Anyway—him. He shouldn’t be published.

Hate speech should not be published.

Paula Munier

PAULA MUNIER is a Senior Literary Agent and Content Strategist at Talcott Notch Literary Services. She boasts broad experience creating and marketing exceptional content in all formats across all markets for such media giants as WGBH, Disney, Fidelity, Gannett, Greenspun Media Group, F+W, and Quayside. A dedicated writing teacher, Paula is a popular speaker and lecturer at writing conferences, workshops, and retreats both online and on-site across the USA.

 

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Top 10 Reasons Your Book Will Sell: An Agent’s Checklist Posted by Paula Munier

 

Writers are always asking me how I decide to sign new clients—why this writer with this project, and not that writer with that project. As an agent, my primary job is to sell my clients’ work. Ergo, I sign writers whose work I think I can sell. And remember, we agents work on commission, so I don’t make any money until I sell the work. I can’t afford to take on a project, however wonderful the project and/or however wonderful the writer, if I don’t think I can sell it. Literally.

How do I know if I can sell it? It’s more art than science.

And God knows there are no guarantees in this business. That said, there are certain criteria that can help me predict what may work in today’s tough marketplace:

  1. I totally LOVE LOVE LOVE the work.
  2. I can pitch the story in 50 words or less.

In other words: It’s based on a high-concept (or at least unique) idea written by the writer born to write it. As in:

Everlasting Nora is a middle-grade novel about 12-year-old Nora, forced to live in Manila’s Cemetery City after her home burns down in the fire that takes her father. When her mother goes missing, Nora must find her—before it’s too late. A heartwarming debut by Filipino-American Marie Miranda Cruz.

  1. Readers will fall in love with the protagonist, just like I did.

Give me Bosch, Bridget Jones, Harry Potter, Stephanie Plum, Atticus Finch, Everlasting Nora.

  1. The story is written in a distinct and engaging voice.

Think Alice Hoffman, J. D. Salinger, Maya Angelou, Anne Lamott, David Sedaris, Isabel Allende, Pat Conroy, Roxane Gay, Sue Grafton, Lee Child.

  1. The story falls within a known genre.

Which means that: a) I know where it fits on the shelf; b) I can reference good comparable titles within that genre; and c) The publisher will know how to sell it.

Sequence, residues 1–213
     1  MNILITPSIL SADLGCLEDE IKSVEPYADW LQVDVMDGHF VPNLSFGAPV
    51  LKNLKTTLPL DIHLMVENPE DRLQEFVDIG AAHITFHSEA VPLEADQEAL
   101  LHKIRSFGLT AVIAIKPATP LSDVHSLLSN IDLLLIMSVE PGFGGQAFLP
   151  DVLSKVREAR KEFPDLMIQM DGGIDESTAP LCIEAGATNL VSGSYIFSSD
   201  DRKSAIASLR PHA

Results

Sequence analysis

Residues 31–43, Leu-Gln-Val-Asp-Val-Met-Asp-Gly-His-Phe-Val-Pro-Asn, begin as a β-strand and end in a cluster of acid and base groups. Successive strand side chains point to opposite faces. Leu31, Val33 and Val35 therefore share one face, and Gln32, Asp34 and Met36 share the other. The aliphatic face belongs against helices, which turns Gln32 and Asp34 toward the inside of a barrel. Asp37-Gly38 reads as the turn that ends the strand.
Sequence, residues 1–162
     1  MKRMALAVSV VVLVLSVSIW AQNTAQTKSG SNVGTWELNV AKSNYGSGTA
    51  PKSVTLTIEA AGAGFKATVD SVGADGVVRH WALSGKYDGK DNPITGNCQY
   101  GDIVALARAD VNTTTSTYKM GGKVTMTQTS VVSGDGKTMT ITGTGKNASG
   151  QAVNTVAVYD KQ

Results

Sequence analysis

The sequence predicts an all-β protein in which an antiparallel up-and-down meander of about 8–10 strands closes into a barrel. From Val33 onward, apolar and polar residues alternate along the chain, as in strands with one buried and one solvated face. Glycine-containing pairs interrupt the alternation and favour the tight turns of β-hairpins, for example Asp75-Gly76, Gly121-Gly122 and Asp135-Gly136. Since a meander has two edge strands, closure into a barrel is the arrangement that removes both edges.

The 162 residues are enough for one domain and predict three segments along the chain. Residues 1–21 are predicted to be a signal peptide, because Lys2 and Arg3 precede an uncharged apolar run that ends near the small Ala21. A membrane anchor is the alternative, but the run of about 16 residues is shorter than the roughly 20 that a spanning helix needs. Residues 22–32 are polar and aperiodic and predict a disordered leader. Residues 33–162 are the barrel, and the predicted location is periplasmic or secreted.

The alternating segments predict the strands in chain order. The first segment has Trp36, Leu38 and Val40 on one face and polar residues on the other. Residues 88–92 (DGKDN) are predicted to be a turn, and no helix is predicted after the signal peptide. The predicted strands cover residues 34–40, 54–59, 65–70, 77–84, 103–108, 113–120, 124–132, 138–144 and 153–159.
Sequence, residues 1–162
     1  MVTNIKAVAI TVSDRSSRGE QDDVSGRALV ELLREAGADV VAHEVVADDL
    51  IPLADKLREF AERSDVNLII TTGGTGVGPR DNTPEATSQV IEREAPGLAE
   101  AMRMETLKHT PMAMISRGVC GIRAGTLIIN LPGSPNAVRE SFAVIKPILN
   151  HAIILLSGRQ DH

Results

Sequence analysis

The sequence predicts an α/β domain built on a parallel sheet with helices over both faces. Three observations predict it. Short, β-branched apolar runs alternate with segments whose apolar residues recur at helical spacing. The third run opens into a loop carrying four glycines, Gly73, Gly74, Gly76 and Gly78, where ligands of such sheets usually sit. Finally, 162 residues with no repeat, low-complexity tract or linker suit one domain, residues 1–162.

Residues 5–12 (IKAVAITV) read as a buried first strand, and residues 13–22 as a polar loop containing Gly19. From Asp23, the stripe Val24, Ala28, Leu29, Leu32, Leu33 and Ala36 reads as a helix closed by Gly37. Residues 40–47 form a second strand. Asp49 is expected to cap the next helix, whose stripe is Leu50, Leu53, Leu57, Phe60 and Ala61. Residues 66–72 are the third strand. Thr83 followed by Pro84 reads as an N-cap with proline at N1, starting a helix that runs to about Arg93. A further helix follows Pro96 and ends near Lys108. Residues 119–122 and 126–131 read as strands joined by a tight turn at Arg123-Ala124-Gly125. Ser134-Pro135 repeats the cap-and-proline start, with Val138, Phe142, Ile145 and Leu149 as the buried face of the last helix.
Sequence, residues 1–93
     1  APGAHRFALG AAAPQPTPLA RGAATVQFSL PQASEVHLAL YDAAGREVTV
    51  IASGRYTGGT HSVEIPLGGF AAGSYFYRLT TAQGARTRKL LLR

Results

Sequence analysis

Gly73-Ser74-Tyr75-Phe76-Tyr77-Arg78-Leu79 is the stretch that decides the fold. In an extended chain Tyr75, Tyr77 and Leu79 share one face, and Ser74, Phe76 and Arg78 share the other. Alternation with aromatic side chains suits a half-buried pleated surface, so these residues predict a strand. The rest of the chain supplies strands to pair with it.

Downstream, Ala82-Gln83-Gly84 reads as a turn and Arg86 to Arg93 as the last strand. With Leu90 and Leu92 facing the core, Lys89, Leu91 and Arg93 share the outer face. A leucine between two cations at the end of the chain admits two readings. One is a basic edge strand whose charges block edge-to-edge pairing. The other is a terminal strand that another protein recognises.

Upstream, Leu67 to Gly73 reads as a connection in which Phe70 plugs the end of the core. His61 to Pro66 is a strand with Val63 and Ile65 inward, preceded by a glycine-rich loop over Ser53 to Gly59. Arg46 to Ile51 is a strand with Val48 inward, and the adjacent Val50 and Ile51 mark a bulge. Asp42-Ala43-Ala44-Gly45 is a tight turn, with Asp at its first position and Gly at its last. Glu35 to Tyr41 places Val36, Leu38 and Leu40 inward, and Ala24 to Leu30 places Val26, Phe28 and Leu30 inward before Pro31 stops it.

1. The protagonist drives the action from beginning to end.

Imagine your story as a film—would the A-list actor you want to play your hero agree to take the role? Hint: He’d have to do all the good bits, that is, take down the bad guy, get the girl, save the baby/world/universe.

  1. The structure is sound.

The plot works. The heroine’s dramatic arc is in place. The writer has remembered that: The first page sells the book. The last page sells the next book.

  1. The writer has a strong idea for a second standalone or the second in the series, whichever applies—and is already working on it.

The writer is in this for the long haul.

  1. The writer is professional, cooperative, and collaborative.

The writer understands that editing is part of the process—from my notes to the acquisition editor’s notes and beyond. Resistance is futile.

  1. The writer is prepared to make the transition from writer to author.

Notably: The writer is an active participant in his/her writing community, and is willing and able to do the promotion work required to publish successfully in the 21st century.

How’d you do? Are you ten for ten? Let’s discuss on Facebook.

Paula Munier

PAULA MUNIER is a Senior Literary Agent and Content Strategist at Talcott Notch Literary Services. She boasts broad experience creating and marketing exceptional content in all formats across all markets for such media giants as WGBH, Disney, Fidelity, Gannett, Greenspun Media Group, F+W, and Quayside. A dedicated writing teacher, Paula is a popular speaker and lecturer at writing conferences, workshops, and retreats both online and on-site across the USA.

The Soulful Arc of the Universe

 “….the arc of the moral universe is long, but it bends toward justice.”

“When our days become dreary with low-hovering clouds of despair, and when our nights become darker than a thousand dark midnights. Let us remember that there is a creative force in this universe working to pull down the gigantic mountains of evil, a power that is able to make a way out of no way and transform dark yesterdays into bright tomorrows.….the arc of the moral universe is long, but it bends toward justice.”

MLK

Three Secrets to Great Storytelling!

Whispering